During this work, we have identified the need to expand the “Purchase” entity of our “Customer-Account” API to provide more structured data that can be automatically read by technology services such as Modal. (The data fields we have in our spec are sufficient for a customer’s visual inspection, but not sufficient for a system-to-system integration such as this)

More specifically, the API needs to expose not just the rail ticket reference data (which we already have), but also additional structured ticket data, such as: ticket fare type, ticket routing restrictions and possibly even some travel restriction classifications.

Note: Rail Delivery Group (RDG) has a 70 page specification document (RSPS5045) to describe ALL ticket data, which they make available in an Open Data (CSV) feed:
We are NOT going to replicate ALL of the RDG specification, just the data needed to meet these sort of rail ticket data integrations. However, we must be aware that more data of this sort may need to be exposed in this way subsequently, so what is required now should not prevent this.

The proposal is to add 3 new “code” data fields to the schema:
Code 1 = fare
Code 2 = route
Code 3 = restriction

– Codes can be used for UK rail integration or any other data purpose
– This use of codes data fields also allows other to be added over time, if needed.

For further information and feedback about this change

Open Transport joins the Open Data Institute

The Open Transport Initiative is pleased to announce that it has become a member of the Open Data Institute (most commonly known as the ODI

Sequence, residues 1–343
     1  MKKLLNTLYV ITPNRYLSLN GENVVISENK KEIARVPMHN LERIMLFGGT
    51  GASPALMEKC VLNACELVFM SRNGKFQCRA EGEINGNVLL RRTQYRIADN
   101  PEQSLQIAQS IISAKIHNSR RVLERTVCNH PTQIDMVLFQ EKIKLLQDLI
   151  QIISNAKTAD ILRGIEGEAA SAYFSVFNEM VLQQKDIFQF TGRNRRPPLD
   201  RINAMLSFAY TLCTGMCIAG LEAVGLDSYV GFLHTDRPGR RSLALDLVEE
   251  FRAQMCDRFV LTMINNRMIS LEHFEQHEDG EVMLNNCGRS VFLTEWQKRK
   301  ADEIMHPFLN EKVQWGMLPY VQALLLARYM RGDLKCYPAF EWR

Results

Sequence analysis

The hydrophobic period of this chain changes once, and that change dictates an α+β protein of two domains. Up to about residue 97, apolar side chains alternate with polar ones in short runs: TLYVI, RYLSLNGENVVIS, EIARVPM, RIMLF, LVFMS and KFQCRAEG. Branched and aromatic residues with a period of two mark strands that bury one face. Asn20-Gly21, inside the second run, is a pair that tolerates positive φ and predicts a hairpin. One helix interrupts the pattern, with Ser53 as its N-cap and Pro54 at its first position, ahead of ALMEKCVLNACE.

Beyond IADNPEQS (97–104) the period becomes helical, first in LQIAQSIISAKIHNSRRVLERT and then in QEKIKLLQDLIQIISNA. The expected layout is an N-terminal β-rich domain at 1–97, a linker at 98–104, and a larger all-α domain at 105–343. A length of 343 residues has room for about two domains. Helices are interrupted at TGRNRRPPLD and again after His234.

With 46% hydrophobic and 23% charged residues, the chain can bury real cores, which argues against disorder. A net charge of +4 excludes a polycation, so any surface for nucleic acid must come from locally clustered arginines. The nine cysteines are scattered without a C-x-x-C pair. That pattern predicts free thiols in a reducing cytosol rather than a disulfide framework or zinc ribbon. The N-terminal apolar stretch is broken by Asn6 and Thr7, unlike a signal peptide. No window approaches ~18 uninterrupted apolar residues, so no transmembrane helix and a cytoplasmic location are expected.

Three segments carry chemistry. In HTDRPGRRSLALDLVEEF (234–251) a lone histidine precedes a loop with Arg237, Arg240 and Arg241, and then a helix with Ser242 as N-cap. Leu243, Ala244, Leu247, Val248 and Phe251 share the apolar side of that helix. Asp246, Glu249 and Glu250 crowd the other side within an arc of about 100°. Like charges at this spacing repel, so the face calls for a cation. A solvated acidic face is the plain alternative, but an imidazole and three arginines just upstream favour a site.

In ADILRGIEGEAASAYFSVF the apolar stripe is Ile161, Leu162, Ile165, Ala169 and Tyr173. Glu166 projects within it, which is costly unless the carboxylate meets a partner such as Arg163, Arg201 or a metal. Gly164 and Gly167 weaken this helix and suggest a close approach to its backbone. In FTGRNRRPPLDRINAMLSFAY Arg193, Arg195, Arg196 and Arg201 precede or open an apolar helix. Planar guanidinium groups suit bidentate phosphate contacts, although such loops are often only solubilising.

The Open Data Institute was founded in 2012 by the inventor of the web Sir Tim Berners-Lee and Sir Nigel Shadbolt. Its mission is to work with companies and governments to build an open, trustworthy data ecosystem and has a vision of a world where data works for everyone.

This mirrors the role of The Open Transport Initiative to work with all transport & mobility organisations and support the use of Open Standards. It also closely aligns with our founding aim to drive and support the adoption of shared & interoperable data for all transport modes to benefit the travelling customer.

Founder and Chair of The Open Transport Initiative Hayden Sutherland said “Our role is to work with as many reputable companies and individuals across the data spectrum, to support the use of Open Standards in the transport and mobility sector. Joining the ODI was therefore an obvious step and one that will help to communicate and improve the work we have already done”.

For more information:

Powering innovation in rail by adopting interoperable smart data standards

Today Hayden, our Founder and Chair , gave a presentation to The Rail Innovation Group on their regular “Munch & Learn” webinar. The session explained the work & future aims of The Open Transport Initiative and was a combination of presentation (titled “Why all transport accounts need to make their data shareable”) and lively Q&A.

Topics covered included:

  • The UK Government has now clearly stated the intention to use legislation to “mandate industry involvement in Smart Data initiatives across the economy” – including transport & mobility
  • Now is the time for Rail to lead by example and commit to adopting interoperable customer account data standards to enable & fuel innovation across our industry

A full copy of the presentation can be found embedded below. And if you would like more information on the topics covered, please contact us: